First-Gen College Faculty: Maria Luskay
Maria Luskay ‘85, director of the Media and Communication Arts graduate program, grew up in Yonkers, NY in a close-knit Italian American family with three older siblings. The family lived in a row house in Getty Square, downstairs was a pizzeria, a beauty parlor and an ice cream shop. Mom Constance was a seamstress and waitress, and dad Gerardo was a foreman for the City of Yonkers Parks Department. Neither parent had graduated from high school, but they worked hard to support their family of six. From an early age, Luskay knew she would go to college. Something inside her said she wanted more from life than Yonkers offered, and one free from financial struggle. A college degree could get her there.
They wanted more for me
“My mother and father, especially my mother, wanted more for me.” Her sisters and brother attended public high school, and they got jobs right after graduation. “That was my upbringing, but times change,” said Luskay. Ten years separate Luskay from her next oldest sibling, and by the time Luskay reached the first grade, the household finances were stable enough such that her parents could afford to send her to private Catholic school. “I remember my mother going to the rectory to speak with the priest. She begged him to allow her to pay the tuition in installments, rather than in one big lump sum. My father worked overtime. My mother got a part time job. All so they could send me to a better school. They sacrificed a lot for me.” This early investment in their daughter’s education set the stage for Luskay’s dreams to come true.
As a junior in high school, she knew she would pursue a career in communications after taking a media class, learning to write for print, television, and public relations. She loved it. A guidance counselor at the Sacred Heart High School helped Luskay identify the colleges with communications programs and select those to which she would apply. She would be accepted to all of the area colleges, plus one further afield in Pennsylvania. She chose Pace.
Like many first-gen college students, Luskay’s parents could not offer guidance on the transition from high school to college, or were unfamiliar with certain rites of passage. When Luskay moved to Pace, she lived in the dorms. “My parents didn’t take me to college and they didn’t move me in. They didn’t know. My boyfriend at the time drove me to school. I packed stuff in my car and I left. I said goodbye to my parents in Yonkers. They never came to Pace. They never saw my dorm,” explained Luskay.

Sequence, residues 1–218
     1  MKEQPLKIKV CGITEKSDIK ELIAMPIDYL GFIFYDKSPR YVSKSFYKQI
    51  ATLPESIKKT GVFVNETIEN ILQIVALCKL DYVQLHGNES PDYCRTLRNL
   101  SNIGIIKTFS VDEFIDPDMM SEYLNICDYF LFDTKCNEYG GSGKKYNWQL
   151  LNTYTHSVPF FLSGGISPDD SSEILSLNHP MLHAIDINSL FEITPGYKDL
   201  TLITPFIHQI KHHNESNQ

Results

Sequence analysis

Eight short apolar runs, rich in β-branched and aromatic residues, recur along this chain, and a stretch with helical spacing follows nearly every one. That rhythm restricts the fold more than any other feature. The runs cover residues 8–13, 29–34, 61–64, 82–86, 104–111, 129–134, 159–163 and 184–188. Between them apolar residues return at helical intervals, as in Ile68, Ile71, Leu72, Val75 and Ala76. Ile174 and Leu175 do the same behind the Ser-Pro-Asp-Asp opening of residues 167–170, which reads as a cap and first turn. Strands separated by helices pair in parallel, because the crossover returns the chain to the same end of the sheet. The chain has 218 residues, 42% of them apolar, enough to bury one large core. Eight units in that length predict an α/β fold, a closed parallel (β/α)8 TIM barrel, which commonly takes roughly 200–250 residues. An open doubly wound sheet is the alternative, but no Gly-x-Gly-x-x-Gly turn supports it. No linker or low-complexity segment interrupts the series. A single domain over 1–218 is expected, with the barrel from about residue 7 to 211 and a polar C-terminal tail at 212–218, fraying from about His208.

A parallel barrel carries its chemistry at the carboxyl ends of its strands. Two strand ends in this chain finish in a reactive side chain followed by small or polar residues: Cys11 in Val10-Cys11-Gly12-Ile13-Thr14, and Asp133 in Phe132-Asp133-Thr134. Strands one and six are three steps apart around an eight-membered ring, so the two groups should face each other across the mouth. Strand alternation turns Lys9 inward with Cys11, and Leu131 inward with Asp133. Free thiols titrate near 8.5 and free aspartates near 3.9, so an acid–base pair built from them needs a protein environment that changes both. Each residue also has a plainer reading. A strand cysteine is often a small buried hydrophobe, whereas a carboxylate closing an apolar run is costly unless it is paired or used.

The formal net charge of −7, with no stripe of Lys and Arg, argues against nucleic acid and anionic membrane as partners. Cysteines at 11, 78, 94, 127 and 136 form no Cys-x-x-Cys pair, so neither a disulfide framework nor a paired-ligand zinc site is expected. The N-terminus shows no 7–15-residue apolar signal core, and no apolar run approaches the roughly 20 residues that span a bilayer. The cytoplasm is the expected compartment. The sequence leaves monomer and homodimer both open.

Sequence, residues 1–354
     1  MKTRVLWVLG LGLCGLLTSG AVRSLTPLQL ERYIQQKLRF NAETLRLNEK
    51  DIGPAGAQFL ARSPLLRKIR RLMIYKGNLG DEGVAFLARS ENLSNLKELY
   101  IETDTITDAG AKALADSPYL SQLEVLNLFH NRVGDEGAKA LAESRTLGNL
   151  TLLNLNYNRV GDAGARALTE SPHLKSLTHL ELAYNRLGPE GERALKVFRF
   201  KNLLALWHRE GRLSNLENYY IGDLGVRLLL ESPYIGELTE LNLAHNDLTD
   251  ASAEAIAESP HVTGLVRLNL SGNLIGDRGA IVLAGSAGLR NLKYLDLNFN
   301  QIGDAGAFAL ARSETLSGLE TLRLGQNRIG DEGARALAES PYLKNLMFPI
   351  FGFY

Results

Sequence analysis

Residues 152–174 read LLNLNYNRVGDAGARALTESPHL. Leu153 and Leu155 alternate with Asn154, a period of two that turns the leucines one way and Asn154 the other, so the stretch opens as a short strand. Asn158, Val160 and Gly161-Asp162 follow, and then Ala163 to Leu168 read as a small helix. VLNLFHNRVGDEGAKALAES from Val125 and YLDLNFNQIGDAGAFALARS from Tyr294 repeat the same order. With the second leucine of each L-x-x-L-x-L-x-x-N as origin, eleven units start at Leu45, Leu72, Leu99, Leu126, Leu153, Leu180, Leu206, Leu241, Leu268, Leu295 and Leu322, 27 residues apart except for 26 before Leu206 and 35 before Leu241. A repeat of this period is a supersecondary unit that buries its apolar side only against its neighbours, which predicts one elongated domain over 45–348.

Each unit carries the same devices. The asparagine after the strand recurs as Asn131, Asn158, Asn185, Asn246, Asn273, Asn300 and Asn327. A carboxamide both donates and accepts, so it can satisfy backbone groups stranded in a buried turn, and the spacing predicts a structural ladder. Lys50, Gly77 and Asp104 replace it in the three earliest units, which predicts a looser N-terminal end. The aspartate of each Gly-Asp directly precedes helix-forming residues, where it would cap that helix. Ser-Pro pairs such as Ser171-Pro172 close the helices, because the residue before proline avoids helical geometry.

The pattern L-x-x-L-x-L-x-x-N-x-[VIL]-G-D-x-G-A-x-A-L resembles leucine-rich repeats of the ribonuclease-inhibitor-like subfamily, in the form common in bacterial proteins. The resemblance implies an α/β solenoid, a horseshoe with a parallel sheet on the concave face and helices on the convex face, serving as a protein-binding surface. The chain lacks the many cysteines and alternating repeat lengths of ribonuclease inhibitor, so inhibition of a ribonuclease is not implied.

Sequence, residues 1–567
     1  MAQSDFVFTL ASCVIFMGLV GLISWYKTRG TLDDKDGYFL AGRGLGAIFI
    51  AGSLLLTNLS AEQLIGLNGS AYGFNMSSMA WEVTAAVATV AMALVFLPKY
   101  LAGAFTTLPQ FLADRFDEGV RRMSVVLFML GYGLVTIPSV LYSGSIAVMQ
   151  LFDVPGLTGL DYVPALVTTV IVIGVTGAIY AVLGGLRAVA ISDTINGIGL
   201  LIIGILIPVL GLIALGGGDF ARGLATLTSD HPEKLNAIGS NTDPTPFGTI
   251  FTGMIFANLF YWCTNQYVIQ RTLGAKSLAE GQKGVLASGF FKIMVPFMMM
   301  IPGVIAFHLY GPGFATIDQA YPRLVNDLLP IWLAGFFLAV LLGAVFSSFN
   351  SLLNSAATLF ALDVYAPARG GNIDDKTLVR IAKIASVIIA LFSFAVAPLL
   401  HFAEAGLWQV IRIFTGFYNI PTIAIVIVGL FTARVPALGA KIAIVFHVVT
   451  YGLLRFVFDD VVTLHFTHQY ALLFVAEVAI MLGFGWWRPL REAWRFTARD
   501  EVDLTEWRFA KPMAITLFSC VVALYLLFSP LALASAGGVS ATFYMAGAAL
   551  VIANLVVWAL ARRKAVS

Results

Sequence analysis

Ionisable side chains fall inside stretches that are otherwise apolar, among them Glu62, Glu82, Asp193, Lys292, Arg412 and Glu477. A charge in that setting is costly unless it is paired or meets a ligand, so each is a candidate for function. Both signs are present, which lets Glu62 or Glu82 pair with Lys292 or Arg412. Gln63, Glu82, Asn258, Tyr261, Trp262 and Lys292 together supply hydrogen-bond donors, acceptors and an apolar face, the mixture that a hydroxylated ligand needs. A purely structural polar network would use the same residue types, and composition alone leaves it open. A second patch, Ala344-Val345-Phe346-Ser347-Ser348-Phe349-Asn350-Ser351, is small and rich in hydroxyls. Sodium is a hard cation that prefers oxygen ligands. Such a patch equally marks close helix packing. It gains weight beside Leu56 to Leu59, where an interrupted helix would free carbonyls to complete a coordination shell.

Fortunately, Luskay had adult guidance when it came to financial aid forms. Jimmy Matranga, her mom’s best friend’s brother, whom she called Uncle Jimmy out of respect, coached her through the financial paperwork. Like her parents, he hadn’t gone to college, but he did graduate from high school and was a math whiz. “It was really about getting money. Who was going to give me money? We couldn’t afford it. I got a scholarship, I took out student loans, and I worked. That’s how I was able to do it,” said Luskay. She worked her way through college selling used cars for Sego Motors in Yonkers. Starting out as the bookkeeper/receptionist, she was promoted to sales person. She went to school in the day, and worked after class and on the weekends. After four years, she earned a bachelor’s degree in Literature and Communications, and landed an internship, then a full-time job in communications at IBM.
Hard work never deterred Luskay. She earned her master’s degree in Communications while working full-time as a producer of instructional-industrial videos for Lederle Pharmaceuticals. She would prove herself again when she began teaching full-time at Pace. Bob Klaeger, the recently retired chair of the Media, Communications, and Visual Arts department, offered her the opportunity to teach full-time with the contingency that she earn a doctoral degree within five years. She leapt at the chance and while teaching a full load, earned her EdD in four years. At the time, she was also mom to her first-born child, then a toddler. Looking back, “it was a blur,” Luskay said.
Luskay’s parents taught her that if there was something she wanted in life, to just go for it. “I’m the only one in my family to have a doctoral degree. My mother was so proud of me. She boasted about me to all of her friends because it was a really big deal to them,” said Luskay.
To first generation college students, Luskay urges them to feel proud of themselves and that which they have accomplished without the benefit of parental experience. But above all, she counsels passion for the work one does. Not everyone is suited for college or for an office job. Even if one is a carpenter or plumber, everyone wins if they find a career they love to do. “I love teaching. I loved being a producer. My career has been a win-win.”